Memorandum of Decision Re: Brokers Fees

FOR THE NORTHERN DISTRICT OF CALIFORNIA In re JOHN EVERETT CALDWELL II,                                       No. 1-87-01859      Debtor. ___________________________/
Memorandum of Decision
     In April of 1989, the trustee appointed in this Chapter 11 case signed a listing agreement with real estate broker Robert Northrup whereby the trustee agreed to pay Northrup a seven percent commission if he produced a buyer for a parcel of real property. The agreement also made the estate liable for a commission if the property was withdrawn from sale during the listing period.      Northrup actively marketed the property, finding several potential purchasers. In addition, he actively protected the marketability of the property by attending meetings of county officials in order to preserve a lot split necessary to sell the property. Also, he hired a civil engineer out of his own pocket to resolve an issue regarding access to the property.      While the agreement was in effect, Northrup produced an offer which was acceptable to the trustee. Just as the trustee was about to notice the sale, however, the debtor proposed a plan to pay off all creditors in full without selling the property. The debtor's parents, who had become involved in his finances and were facing the prospect of avoidance actions by the trustee, agreed to fund the plan. As a consequence of this development, the sale did not come before the court for approval.      Northrup sought fees of $20,650.00 which were approved by the court through a series of errors made by both sides. The trustee had never obtained court approval of her agreement with Northrup, and Northrup never noticed his application for compensation. However, when the matter came on for hearing it was clear that all creditors were being paid in full, so that any fees allowed would come out of only the debtor's pocket. The debtor's counsel was at the hearing and expressly stated that the debtor had no objection to Northrup's fees. Accordingly, they were approved without review by the court and paid by the trustee.      Subsequently, the debtor realized that his attorney had erred in stating that the debtor agreed to Northrup's fees. The court granted his motion to reconsider the matter. Now before the court is Northrup's application for retroactive approval of his listing agreement and approval of his fees. The debtor has objected.      he court begins its deliberation by noting that each side has committed procedural errors which warrant a substantial penalty. Through counsel, Northrup sought fees without being appointed and without giving notice as required by the Federal Rules of Bankruptcy Procedure. Through counsel, the debtor misled the court into allowing fees which should not have been awarded. The court considers the effect of these errors as cancelling each other out. It will accordingly decide the issue as if neither mistake had been made.      The court is satisfied that under the criteria set forth in In re Twinton Properties, 27 B.R. 817, 819-20 (Bkrtcy.M.D.Tenn.1983), and cited with approval in In re Kroeger Properties & Dev., Inc., 57 B.R. 993 (9th Cir.BAP 1986), Northrup should be employed retroactively. He was always qualified to be employed; he did quite a bit of quality work which benefitted the estate; and, most importantly, it appears that the failure to obtain timely approval was a failure of the trustee, not Northrup. It would be unfair to Northrup, and a windfall for the estate, to deny him compensation because the trustee failed to proceed properly.      However, approval of employment does not mean that Northrup is entitled to the full amount in the listing agreement for two reasons. First, the listing agreement is expressly subject to court approval, which is only now being granted. Second, section 328(a) of the Bankruptcy Court expressly allows the court to grant compensation to a professional different from that initially agreed upon if circumstances changed. The agreement by the debtor's parents to fund a plan changed things and obviated the need to sell the property. Accordingly, award of a full commission is not warranted. In marketing the property, preserving the possibility of a lot split, and finding a potential buyer acceptable to the trustee, it appears that Northrup did about two-thirds of the total work necessary to close a sale. The court will award him $13,773.55 for these services. He must therefore return the sum of $6,876.45 to the trustee.      Accordingly, counsel for Northrup shall submit a form of order which (1) approves Northrup's employment retroactively, but on a quantum meruit basis rather than for the commission stated in the listing agreement, and (2) awards him fees of $13,773.55, with the balance of $6,876.45 to be returned to the trustee. Counsel for the debtor shall approve the form of the order as conforming to this decision.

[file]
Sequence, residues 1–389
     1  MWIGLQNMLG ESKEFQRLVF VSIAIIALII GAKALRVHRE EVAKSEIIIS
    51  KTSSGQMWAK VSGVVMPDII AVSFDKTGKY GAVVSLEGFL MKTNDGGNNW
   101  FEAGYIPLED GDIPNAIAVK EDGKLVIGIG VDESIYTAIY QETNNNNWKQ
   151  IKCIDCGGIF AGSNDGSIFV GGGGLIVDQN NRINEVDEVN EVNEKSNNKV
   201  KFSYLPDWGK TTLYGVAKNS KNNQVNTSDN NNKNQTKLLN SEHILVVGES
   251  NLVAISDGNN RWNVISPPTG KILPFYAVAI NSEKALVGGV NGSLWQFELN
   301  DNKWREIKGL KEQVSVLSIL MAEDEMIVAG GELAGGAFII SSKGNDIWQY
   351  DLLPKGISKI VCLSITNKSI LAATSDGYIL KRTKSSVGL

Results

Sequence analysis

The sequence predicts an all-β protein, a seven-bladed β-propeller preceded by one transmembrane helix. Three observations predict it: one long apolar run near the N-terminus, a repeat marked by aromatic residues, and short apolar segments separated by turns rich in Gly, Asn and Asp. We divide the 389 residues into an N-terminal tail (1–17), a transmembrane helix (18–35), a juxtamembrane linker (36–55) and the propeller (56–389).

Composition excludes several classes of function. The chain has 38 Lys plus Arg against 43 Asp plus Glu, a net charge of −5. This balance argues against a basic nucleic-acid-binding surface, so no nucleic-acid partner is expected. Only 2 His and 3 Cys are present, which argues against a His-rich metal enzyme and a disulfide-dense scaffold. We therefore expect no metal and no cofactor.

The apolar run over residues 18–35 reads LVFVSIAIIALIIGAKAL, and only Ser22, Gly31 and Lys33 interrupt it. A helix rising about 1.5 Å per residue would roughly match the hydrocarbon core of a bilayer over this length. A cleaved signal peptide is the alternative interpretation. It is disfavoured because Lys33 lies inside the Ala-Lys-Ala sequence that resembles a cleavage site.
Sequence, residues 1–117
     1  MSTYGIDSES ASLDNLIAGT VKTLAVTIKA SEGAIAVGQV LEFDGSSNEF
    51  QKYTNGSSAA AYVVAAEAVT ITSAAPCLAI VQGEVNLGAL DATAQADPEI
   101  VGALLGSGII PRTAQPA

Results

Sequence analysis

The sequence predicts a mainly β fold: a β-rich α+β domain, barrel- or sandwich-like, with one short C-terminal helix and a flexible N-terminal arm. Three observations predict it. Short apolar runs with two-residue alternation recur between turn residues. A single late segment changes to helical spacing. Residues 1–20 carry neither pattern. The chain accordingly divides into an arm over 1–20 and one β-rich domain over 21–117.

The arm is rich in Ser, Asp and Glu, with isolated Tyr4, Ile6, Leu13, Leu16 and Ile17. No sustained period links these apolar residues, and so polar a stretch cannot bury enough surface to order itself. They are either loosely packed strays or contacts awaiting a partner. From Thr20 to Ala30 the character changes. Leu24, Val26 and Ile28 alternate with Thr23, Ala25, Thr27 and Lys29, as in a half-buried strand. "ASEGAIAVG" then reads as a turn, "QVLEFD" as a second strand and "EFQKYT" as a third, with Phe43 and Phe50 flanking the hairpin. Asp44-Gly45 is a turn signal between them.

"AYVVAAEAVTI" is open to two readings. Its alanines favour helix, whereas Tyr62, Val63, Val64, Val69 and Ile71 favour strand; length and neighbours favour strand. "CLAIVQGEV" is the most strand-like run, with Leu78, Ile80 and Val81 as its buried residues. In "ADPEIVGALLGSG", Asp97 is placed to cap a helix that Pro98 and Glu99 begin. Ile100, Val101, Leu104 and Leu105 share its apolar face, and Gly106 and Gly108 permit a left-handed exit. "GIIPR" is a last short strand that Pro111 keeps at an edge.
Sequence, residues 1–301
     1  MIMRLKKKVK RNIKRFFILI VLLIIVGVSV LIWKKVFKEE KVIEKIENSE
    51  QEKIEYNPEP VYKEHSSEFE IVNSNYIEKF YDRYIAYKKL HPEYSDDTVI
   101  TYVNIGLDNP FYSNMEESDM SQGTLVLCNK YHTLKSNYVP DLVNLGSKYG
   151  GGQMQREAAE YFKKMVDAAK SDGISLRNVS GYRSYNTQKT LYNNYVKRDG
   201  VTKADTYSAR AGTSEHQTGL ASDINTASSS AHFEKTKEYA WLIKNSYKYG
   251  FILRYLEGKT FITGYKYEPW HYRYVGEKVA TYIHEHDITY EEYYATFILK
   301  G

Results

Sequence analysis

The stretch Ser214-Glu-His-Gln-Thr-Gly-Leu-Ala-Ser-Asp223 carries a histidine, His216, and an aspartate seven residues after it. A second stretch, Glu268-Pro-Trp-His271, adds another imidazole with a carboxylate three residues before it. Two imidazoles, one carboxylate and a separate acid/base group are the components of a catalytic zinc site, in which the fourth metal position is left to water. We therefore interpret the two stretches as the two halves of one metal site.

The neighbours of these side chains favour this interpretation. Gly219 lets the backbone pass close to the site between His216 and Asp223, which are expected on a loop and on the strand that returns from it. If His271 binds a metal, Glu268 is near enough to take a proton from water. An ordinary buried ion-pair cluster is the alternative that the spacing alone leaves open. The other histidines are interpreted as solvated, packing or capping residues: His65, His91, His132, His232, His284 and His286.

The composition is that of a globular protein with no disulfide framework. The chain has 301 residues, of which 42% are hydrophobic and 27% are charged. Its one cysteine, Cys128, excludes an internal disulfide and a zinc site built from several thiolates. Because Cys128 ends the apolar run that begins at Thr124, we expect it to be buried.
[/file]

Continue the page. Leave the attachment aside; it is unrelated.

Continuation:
Dated: December 6, 1993                                                                               _______________________                                                                                                                       Alan Jaroslovsky                                                                                                                        U.S. Bankruptcy